Orientation seeks to build class unity

By Annie Flanagan

The Fall 2008 first-year orientation will be marked by efforts to promote increased interaction between international and domestic students.Now, domestic roommates of international first-years will be invited to attend the international orientation, which typically falls a few days before the general first-year orientation begins. Some students have said that this preliminary orientation for international students contributes to division between some international and domestic students.

“We are changing the name to pre-orientation for international students,” Aaron Colhapp, international students program coordinator, said. “But we aren’t actually changing much. It’s more or less a question of semantics.”

Another gap Campus Life and the International Student Program is trying to bridge is within dorm rooms, by incorporating international students’ domestic roommates into programs like the drop-off activity, in which students are dropped off at locations across the Twin Cities and made to find their way back to Macalester.

“The idea,” Colhapp said, “is to approach these questions from a cultural background, but also a human background. The goal is developing the tools for people to meet each other and relate to each other.”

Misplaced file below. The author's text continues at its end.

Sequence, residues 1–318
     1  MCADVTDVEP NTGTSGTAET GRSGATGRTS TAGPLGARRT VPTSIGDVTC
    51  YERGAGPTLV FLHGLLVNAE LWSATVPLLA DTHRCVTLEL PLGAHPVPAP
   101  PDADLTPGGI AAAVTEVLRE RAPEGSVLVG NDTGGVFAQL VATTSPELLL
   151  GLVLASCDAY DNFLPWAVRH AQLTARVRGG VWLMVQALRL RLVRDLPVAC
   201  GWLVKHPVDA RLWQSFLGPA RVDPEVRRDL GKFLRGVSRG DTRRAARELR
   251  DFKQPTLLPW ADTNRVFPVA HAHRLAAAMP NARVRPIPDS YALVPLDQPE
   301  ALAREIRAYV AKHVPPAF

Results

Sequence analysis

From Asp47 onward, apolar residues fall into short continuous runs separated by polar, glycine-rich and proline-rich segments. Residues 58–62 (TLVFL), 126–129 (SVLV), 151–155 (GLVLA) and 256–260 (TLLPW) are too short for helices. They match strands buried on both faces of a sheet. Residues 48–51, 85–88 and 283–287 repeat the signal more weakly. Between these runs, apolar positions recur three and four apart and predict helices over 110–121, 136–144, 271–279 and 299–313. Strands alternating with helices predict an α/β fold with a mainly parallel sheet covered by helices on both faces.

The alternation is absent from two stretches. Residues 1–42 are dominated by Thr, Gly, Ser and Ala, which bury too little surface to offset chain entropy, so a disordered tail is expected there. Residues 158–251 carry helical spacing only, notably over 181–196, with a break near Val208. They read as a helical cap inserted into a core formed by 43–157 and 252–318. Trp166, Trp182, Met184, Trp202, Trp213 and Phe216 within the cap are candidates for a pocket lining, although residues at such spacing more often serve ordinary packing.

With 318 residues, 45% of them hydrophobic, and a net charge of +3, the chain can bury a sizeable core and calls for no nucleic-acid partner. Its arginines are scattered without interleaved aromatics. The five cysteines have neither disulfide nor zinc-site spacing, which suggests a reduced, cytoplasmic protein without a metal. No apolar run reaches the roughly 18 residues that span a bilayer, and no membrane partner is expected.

Dean of Students Jim Hoppe said that the goal of Orientation is “to provide an opportunity for incoming students to become acclimated to the college, familiar with the goals and values of the community and to become prepared to be successful academically.”

But in the case of international students, Director of Campus Life Keith Edwards said, since they have already attended the international students orientation, attendance at the general orientation is low.

“Later,” he said, “many students regret missing out.”

“We have had success with recruiting international students and off-season athletes to be Orientation Leaders,” he said, “because some students have felt this schedule disconnect so the students were right on board.”

Whether they are international students, athletes or have been on campus for some other reason, Colhapp said, familiarity with the environment and other students can seem intimidating. However, this is not an excuse for isolating these groups.

“Some of the reasoning was to make it easier for the international students to mix in, but it’s always much easier for an insider to approach an outsider than vice versa” he said.

“Roommates are roommates,” said Eric Luckey ’07 who lived with a student from Sweden his first year at Macalester. “Sometimes they work out and sometimes they don’t, but if you have immediate resources to ease into the living situation it can make the process less awkward.